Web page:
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Influence of vitamin C supplementation on oxidative and immune changes after an ultramarathon.
J Appl Physiol (1985). 2002 May; 92(5):1970-7.JA

Abstract

The purpose of this randomized study was to measure the influence of vitamin C (n = 15 runners) compared with placebo (n = 13 runners) supplementation on oxidative and immune changes in runners competing in an ultramarathon race. During the 7-day period before the race and on race day, subjects ingested in randomized, double-blind fashion 1,500 mg/day vitamin C or placebo. On race day, blood samples were collected 1 h before race, after 32 km of running, and then again immediately after race. Subjects in both groups maintained an intensity of approximately 75% maximal heart rate throughout the ultramarathon race and ran a mean of 69 km (range: 48-80 km) in 9.8 h (range: 5-12 h). Plasma ascorbic acid was markedly higher in the vitamin C compared with placebo group prerace and rose more strongly in the vitamin C group during the race (postrace: 3.21 +/- 0.29 and 1.28 +/- 0.12 microg/100 microl, respectively, P < 0.001). No significant group or interaction effects were measured for lipid hydroperoxide, F2-isoprostane, immune cell counts, plasma interleukin (IL)-6, IL-10, IL-1-receptor antagonist, or IL-8 concentrations, or mitogen-stimulated lymphocyte proliferation and IL-2 and IFN-gamma production. These data indicate that vitamin C supplementation in carbohydrate-fed runners does not serve as a countermeasure to oxidative and immune changes during or after a competitive ultramarathon race.

Authors+Show Affiliations

Department of Health, Leisure, and Exercise Science, Appalachian State University, Boone, North Carolina 28608, USA. niemandc@appstate.eduNo affiliation info availableNo affiliation info availableNo affiliation info availableNo affiliation info availableNo affiliation info availableNo affiliation info availableNo affiliation info availableNo affiliation info available

Pub Type(s)

Clinical Trial
Journal Article
Randomized Controlled Trial
Research Support, Non-U.S. Gov't
Research Support, U.S. Gov't, P.H.S.

Language

eng

PubMed ID

11960947

Citation

Nieman, David C., et al. "Influence of Vitamin C Supplementation On Oxidative and Immune Changes After an Ultramarathon." Journal of Applied Physiology (Bethesda, Md. : 1985), vol. 92, no. 5, 2002, pp. 1970-7.
Nieman DC, Henson DA, McAnulty SR, et al. Influence of vitamin C supplementation on oxidative and immune changes after an ultramarathon. J Appl Physiol (1985). 2002;92(5):1970-7.
Nieman, D. C., Henson, D. A., McAnulty, S. R., McAnulty, L., Swick, N. S., Utter, A. C., Vinci, D. M., Opiela, S. J., & Morrow, J. D. (2002). Influence of vitamin C supplementation on oxidative and immune changes after an ultramarathon. Journal of Applied Physiology (Bethesda, Md. : 1985), 92(5), 1970-7.
Nieman DC, et al. Influence of Vitamin C Supplementation On Oxidative and Immune Changes After an Ultramarathon. J Appl Physiol (1985). 2002;92(5):1970-7. PubMed PMID: 11960947.
* Article titles in AMA citation format should be in sentence-case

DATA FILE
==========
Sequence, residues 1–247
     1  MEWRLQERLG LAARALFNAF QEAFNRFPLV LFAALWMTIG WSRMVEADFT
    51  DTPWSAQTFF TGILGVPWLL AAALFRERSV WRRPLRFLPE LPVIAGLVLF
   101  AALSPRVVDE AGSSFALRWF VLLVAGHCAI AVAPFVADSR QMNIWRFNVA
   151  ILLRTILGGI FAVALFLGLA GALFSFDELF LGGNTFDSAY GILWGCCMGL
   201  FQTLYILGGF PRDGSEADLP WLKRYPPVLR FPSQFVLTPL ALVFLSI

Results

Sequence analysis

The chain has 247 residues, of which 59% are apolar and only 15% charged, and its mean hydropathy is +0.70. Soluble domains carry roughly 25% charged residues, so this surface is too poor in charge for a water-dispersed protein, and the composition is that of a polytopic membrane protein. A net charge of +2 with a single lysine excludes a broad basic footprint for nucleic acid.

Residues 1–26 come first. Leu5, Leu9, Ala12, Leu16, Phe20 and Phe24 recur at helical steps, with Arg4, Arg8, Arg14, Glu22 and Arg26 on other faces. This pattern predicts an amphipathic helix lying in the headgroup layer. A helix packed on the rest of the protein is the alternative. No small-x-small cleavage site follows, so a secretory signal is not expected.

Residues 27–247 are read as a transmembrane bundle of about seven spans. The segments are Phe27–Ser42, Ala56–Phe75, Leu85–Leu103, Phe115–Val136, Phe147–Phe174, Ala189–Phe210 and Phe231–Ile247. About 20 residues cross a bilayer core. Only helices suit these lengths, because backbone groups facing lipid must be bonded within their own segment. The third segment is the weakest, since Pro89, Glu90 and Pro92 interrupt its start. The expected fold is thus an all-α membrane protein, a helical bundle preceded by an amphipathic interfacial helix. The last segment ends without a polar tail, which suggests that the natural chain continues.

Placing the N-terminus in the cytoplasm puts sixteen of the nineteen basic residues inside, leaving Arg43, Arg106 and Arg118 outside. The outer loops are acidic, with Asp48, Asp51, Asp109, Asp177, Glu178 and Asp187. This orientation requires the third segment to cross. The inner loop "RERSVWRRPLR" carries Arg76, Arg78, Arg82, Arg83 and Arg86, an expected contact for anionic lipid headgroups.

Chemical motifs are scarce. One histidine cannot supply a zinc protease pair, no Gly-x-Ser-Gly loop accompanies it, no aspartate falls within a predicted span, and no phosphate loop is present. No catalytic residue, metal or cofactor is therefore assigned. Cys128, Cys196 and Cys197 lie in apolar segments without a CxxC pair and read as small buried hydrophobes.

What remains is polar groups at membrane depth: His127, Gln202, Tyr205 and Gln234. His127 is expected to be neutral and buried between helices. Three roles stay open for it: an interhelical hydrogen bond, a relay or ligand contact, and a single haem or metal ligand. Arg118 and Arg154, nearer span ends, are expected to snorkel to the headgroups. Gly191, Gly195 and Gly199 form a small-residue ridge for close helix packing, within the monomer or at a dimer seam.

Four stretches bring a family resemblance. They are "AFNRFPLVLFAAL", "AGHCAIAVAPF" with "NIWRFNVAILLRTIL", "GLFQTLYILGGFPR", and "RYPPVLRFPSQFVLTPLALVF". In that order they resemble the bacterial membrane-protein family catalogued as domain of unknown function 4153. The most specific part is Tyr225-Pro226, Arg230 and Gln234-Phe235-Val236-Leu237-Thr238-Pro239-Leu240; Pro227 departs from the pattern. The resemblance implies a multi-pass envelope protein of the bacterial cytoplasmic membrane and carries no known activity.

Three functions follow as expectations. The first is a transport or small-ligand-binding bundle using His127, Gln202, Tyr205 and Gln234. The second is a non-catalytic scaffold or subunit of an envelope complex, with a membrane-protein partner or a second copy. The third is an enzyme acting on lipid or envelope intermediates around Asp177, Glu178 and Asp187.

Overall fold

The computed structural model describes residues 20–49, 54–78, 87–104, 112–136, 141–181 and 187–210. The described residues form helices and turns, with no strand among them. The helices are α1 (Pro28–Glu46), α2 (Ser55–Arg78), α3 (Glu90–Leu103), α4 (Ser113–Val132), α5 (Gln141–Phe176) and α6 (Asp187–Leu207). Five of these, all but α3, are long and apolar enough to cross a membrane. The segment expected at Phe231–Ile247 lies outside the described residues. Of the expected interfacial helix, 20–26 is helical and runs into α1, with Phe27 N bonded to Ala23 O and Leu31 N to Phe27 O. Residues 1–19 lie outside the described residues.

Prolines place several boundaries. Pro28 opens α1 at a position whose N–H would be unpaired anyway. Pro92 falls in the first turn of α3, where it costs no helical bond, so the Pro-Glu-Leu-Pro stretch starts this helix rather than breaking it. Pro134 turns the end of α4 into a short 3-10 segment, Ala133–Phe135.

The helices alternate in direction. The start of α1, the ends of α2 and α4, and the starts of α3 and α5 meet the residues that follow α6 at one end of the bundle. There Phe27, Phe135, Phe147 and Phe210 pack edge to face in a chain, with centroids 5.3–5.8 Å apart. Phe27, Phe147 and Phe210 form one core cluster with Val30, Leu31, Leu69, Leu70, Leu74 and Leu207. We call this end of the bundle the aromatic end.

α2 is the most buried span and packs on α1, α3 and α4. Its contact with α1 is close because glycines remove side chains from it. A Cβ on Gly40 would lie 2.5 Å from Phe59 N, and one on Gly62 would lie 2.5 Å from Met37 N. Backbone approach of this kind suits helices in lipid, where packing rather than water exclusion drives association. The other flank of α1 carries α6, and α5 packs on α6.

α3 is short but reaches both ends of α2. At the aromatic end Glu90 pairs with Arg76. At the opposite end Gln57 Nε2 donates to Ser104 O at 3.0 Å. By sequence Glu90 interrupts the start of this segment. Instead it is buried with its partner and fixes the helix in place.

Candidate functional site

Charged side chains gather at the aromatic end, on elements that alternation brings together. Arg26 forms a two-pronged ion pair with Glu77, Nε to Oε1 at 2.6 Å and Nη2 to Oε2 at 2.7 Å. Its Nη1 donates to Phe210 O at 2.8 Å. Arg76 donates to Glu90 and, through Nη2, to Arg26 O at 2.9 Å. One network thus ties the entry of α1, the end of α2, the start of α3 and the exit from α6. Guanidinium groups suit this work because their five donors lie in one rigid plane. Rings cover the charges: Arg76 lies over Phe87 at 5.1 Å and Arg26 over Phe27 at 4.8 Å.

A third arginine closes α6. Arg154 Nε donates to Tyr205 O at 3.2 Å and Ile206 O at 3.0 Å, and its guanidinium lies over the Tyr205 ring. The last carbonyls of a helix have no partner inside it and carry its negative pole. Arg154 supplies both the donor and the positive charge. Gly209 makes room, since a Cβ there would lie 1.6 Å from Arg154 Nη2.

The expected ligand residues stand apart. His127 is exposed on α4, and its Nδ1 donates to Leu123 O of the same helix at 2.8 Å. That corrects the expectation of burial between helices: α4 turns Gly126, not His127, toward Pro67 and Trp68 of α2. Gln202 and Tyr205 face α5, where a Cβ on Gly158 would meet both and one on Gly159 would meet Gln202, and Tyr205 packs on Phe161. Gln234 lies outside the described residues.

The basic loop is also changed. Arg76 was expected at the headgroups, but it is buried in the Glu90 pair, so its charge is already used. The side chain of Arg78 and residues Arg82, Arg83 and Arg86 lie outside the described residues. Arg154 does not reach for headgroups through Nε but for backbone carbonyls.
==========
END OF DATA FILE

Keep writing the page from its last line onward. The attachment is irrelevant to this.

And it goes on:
TY - JOUR T1 - Influence of vitamin C supplementation on oxidative and immune changes after an ultramarathon. AU - Nieman,David C, AU - Henson,Dru A, AU - McAnulty,Steve R, AU - McAnulty,Lisa, AU - Swick,Nathaniel S, AU - Utter,Alan C, AU - Vinci,Debra M, AU - Opiela,Shannon J, AU - Morrow,Jason D, PY - 2002/4/19/pubmed PY - 2002/6/22/medline PY - 2002/4/19/entrez SP - 1970 EP - 7 JF - Journal of applied physiology (Bethesda, Md. : 1985) JO - J Appl Physiol (1985) VL - 92 IS - 5 N2 - The purpose of this randomized study was to measure the influence of vitamin C (n = 15 runners) compared with placebo (n = 13 runners) supplementation on oxidative and immune changes in runners competing in an ultramarathon race. During the 7-day period before the race and on race day, subjects ingested in randomized, double-blind fashion 1,500 mg/day vitamin C or placebo. On race day, blood samples were collected 1 h before race, after 32 km of running, and then again immediately after race. Subjects in both groups maintained an intensity of approximately 75% maximal heart rate throughout the ultramarathon race and ran a mean of 69 km (range: 48-80 km) in 9.8 h (range: 5-12 h). Plasma ascorbic acid was markedly higher in the vitamin C compared with placebo group prerace and rose more strongly in the vitamin C group during the race (postrace: 3.21 +/- 0.29 and 1.28 +/- 0.12 microg/100 microl, respectively, P < 0.001). No significant group or interaction effects were measured for lipid hydroperoxide, F2-isoprostane, immune cell counts, plasma interleukin (IL)-6, IL-10, IL-1-receptor antagonist, or IL-8 concentrations, or mitogen-stimulated lymphocyte proliferation and IL-2 and IFN-gamma production. These data indicate that vitamin C supplementation in carbohydrate-fed runners does not serve as a countermeasure to oxidative and immune changes during or after a competitive ultramarathon race. SN - 8750-7587 UR - https://www.unboundmedicine.com/medline/citation/11960947/Influence_of_vitamin_C_supplementation_on_oxidative_and_immune_changes_after_an_ultramarathon_ L2 - https://journals.physiology.org/doi/10.1152/japplphysiol.00961.2001?url_ver=Z39.88-2003&amp;rfr_id=ori:rid:crossref.org&amp;rfr_dat=cr_pub=pubmed DB - PRIME DP - Unbound Medicine ER -